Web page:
Aurora Humanitarian Initiative Presents 2020 Young Aurora

The program aims to encourage, support and showcase student-driven projects offering innovative and sustainable solutions to humanitarian issues

We are very pleased to announce that, amidst all the difficulties caused by the current situation, 13 project teams from United World Colleges (UWC) schools and the African Leadership Academy will be taking part in the 2020 Young Aurora. The project is a partnership between the Aurora Humanitarian Initiative, UWC, Scholae Mundi and Teach For All. Student teams at each of the participating schools will enter one project per school for the chance to present their initiative, this year virtually, to an accomplished panel of humanitarians, entrepreneurs and world leaders in October. Project teams are assessed for the level of creativity, sustainability, quality of research and potential for impact that their project proposals demonstrate, alongside the degree of commitment and self-reflection shown by the team. The winning team will receive a $4,000 grant towards the further development of their project. 

“As the world fights the COVID-19 pandemic, there is a demand for inspiring individuals who can provide solutions to the most pressing issues and offer people hope. Now more than ever, we need young leaders driven by universal human values: this is exactly what our project is about. Young Aurora brings together students who care deeply about other human beings and are committed to helping them. Seeing such outstanding ideas coming from such young people has always been very uplifting, but this year it has a special meaning, and I can’t wait to see new projects aimed at tackling modern challenges,” said  Veronika Zonabend, Chair of the Board of Governors of UWC Dilijan College in Armenia and Co-Founder of Scholae Mundi.

Now in its fourth year, Young Aurora has so far prompted 44 projects from across the UWC schools and, since 2018, from the African Leadership Academy. These projects have tackled a varied breadth of issues, from supporting refugees through an online charitable shop in Freiburg, Germany (winner of 2017 Young Aurora), preventing the sexual abuse of children in Changshu, China (winners of 2018 Young Aurora) to reducing instances of respiratory diseases among families in Moshi, Tanzania (winners of 2019 Young Aurora).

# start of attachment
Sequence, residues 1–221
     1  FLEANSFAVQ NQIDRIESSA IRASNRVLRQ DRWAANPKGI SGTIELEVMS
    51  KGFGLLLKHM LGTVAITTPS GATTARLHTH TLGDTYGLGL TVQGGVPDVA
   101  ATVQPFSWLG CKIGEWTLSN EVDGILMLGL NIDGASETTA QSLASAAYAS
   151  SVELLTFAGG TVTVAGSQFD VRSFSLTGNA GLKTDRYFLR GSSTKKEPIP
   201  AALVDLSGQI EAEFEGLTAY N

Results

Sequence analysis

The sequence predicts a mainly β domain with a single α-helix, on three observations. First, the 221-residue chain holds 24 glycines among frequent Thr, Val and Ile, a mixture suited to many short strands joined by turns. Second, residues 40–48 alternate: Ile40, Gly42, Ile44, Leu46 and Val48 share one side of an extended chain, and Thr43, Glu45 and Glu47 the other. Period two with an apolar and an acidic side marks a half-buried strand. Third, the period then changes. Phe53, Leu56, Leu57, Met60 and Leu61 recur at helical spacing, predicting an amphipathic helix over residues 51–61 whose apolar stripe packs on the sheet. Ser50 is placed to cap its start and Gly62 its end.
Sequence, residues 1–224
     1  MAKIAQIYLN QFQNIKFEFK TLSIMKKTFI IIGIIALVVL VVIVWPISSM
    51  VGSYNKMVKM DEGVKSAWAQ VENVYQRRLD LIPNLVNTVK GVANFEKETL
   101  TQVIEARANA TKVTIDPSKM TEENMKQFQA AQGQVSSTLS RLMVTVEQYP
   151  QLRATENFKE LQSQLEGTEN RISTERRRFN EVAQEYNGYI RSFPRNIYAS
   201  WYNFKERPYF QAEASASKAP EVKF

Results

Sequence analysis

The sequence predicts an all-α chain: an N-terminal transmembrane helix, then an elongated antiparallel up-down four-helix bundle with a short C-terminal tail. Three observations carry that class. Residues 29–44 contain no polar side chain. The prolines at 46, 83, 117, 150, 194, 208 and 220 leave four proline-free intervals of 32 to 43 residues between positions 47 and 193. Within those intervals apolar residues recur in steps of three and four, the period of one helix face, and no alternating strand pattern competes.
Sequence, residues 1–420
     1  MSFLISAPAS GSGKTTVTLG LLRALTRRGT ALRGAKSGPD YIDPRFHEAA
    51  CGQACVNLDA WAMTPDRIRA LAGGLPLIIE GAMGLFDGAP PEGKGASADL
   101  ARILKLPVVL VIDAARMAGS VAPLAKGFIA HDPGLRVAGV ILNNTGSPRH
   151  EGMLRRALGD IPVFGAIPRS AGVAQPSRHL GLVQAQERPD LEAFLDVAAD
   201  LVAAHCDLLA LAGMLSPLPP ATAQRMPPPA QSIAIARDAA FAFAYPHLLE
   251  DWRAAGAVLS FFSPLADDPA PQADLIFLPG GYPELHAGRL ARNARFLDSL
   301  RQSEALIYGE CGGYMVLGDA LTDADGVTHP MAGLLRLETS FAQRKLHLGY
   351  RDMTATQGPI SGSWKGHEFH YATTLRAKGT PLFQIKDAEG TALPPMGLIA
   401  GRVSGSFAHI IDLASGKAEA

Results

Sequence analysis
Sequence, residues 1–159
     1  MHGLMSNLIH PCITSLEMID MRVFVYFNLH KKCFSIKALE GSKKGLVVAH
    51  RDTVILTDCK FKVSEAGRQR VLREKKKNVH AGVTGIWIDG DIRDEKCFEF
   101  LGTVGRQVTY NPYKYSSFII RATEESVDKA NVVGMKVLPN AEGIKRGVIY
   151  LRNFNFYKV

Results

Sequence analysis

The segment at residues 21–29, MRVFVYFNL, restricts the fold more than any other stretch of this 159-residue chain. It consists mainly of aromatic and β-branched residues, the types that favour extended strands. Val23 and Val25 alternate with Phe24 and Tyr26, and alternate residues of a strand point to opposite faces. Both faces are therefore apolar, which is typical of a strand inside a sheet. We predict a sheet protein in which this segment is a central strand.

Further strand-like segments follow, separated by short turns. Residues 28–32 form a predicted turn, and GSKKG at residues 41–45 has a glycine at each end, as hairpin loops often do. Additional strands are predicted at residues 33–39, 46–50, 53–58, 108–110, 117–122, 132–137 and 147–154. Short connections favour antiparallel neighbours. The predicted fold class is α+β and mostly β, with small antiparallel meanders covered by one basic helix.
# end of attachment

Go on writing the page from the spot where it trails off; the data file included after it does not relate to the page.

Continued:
The opportunities that Young Aurora provides, for young people to build on their skills to become future change-makers in a hands-on manner, is precisely what Yahaya Ndutu, member of the UWC East Africa Smokeless Kitchens team and winner of Young Aurora 2019, treasured the most about his experience of taking part in the initiative: “It is the realization that even teens, with the right motive and a structured organization, have the power to enact life-changing projects that will stay with me.” During the current difficulties that have also greatly affected the educational experiences of young people, Young Aurora stands as a particularly inspiring and fulfilling opportunity for them to continue developing their community based projects and flexing their humanitarian muscles – at a time when the world needs it most. 

“We are delighted that students have been invited for the fourth year to take part in this international Prize recognizing young change-makers. Young Aurora challenges our UWC students to use the skills and ideas gathered at their UWC schools around the globe and apply them to real life problems in their communities. We look forward to seeing what projects they will develop and present this year,” said Jens Waltermann, Executive Director of UWC International. 

Find out more about Young Aurora 2020 in this year’s Project Passport.

Guest Contributor

Guest Contributor

Guest contributions to the Armenian Weekly are informative articles written and submitted by members of the community, which make up our community bulletin board.

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